In mid-March 2020, one week after the WHO declared the global pandemic and just as lockdowns were being introduced around the world we published a blog called “A full-blown, long-term crisis – What do we do now?”. We mentioned three questions that were on everyone’s mind and that many security, crisis management and resilience leaders were being asked: “When will it be over?”, “Will we be OK?” and “What do we do now?”
As we pass the first anniversary of the pandemic, we still cannot accurately answer the first two questions. Vaccines give us more hope that there really is light at the end of the tunnel, but there is still great uncertainty about when the pandemic will be declared over and what our world will look like when it is?
Answers to the third question, “what do we do now?” are very different from what they were a year ago and in many cases, organizational changes mean they are being asked by and to different people than they were in March 2020. Our tactics and activities will also almost certainly have evolved as we pass through different stages of the pandemic, adapt to changing restrictions and operational requirements.
Our basic strategy, though, remains the same.
As we said last year, “Communication is key in any crisis, but in a longer, drawn out crisis that lasts months rather than days, it becomes even more important.” We called out the use of unhelpful clichés and called for communication that focused on honesty, compassion and care.
Unfortunately, we have seen and still see many examples of the same old clichés, optimistic yet unrealistic promises of a quick “return to normal”, when we all know that “normal” will not be something we return to. That’s one thing about time; you can never turn it back. You can never go back to “the good old days”.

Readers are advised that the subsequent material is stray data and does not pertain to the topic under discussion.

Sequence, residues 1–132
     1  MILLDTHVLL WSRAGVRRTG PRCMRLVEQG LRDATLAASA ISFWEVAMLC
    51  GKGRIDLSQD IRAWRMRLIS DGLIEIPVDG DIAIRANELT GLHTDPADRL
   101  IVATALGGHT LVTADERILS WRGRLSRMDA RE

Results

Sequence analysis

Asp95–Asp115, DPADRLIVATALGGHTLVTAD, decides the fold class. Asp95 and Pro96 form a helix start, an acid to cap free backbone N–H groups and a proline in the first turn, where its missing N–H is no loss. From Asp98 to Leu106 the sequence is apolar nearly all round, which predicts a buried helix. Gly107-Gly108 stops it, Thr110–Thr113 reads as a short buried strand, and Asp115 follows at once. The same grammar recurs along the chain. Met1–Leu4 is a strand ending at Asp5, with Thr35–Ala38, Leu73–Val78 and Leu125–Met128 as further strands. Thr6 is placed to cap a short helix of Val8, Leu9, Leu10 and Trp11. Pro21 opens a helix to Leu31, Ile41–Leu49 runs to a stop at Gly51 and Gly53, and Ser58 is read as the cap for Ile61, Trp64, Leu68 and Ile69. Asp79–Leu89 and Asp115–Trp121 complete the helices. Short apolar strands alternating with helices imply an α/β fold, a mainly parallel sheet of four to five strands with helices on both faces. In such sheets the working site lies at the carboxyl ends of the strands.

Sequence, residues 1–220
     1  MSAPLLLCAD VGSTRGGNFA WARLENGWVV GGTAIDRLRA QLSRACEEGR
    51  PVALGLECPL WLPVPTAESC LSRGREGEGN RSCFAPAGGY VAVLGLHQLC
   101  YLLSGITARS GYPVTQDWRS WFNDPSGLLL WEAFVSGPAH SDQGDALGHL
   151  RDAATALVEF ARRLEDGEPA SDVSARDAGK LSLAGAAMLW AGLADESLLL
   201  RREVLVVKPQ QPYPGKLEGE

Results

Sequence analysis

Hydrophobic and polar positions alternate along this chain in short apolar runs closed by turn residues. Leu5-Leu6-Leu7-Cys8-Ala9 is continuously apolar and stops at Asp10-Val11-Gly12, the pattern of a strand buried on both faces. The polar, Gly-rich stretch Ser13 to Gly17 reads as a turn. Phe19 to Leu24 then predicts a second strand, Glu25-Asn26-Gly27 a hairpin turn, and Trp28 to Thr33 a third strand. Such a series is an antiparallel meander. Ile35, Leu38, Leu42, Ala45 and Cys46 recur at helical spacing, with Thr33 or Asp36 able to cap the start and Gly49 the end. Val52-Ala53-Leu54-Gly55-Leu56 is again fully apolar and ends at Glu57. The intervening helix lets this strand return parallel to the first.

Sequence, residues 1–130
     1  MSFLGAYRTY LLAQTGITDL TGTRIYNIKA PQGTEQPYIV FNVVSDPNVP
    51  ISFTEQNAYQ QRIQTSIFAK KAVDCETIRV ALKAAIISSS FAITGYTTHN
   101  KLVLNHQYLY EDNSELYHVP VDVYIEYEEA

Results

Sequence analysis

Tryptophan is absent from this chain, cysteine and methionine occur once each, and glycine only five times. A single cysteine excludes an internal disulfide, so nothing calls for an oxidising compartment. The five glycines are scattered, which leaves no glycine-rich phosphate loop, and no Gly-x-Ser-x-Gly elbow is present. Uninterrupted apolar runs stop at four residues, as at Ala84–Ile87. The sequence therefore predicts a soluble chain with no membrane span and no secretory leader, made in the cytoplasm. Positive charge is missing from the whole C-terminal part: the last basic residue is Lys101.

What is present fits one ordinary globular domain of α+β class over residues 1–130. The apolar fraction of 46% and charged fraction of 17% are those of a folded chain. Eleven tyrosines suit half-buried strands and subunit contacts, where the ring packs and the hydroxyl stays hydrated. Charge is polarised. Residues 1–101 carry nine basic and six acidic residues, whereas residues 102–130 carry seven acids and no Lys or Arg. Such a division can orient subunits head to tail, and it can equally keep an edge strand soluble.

In 2014, the company I worked for went through two long term crises simultaneously. The Ebola crisis in West Africa which struck and severely impacted the ramp up phase of our newly-opened hotel in Freetown. In Donetsk, Ukraine, a hotel we operated found itself cut off from the capital Kyiv by the unrest in Eastern part of the country.
From the corporate offices, there was nothing we could do to solve the problems the hotels were facing but we could communicate with them. My deputies and I had daily calls with the General Managers and, as time went on, the call content changed from discussing the situation, which really wasn’t changing, to more informal, personal chats that helped us become better acquainted with each other and with some of the team members in the hotels. We may not have ever met in person, but we cared about them, we cared about their families and their well-being.
At one point, I asked one of the General Managers if we should continue the calls or if he felt it was just unnecessary time he had to spend on the phone with someone “Corporate”, who really couldn’t help him. His response was immediate. “We need the calls!”, he said. “They are reminders that there is a normal out there, and most importantly, they remind us that there is someone who cares.”
Communication is key in any long-term crisis, and this shows that in longer term crises, it is even more important.
In a crisis as devastating as the pandemic, revenue dries up and an initial reaction is often to slash staff in order to reduce costs. We know that has happened at all levels in many companies and, while we accept that it can be necessary, we have unfortunately seen examples where staff reductions lead to unexpected extra burdens. This happens most often in companies where the focus has been on numbers (cost) rather than on the people as individuals.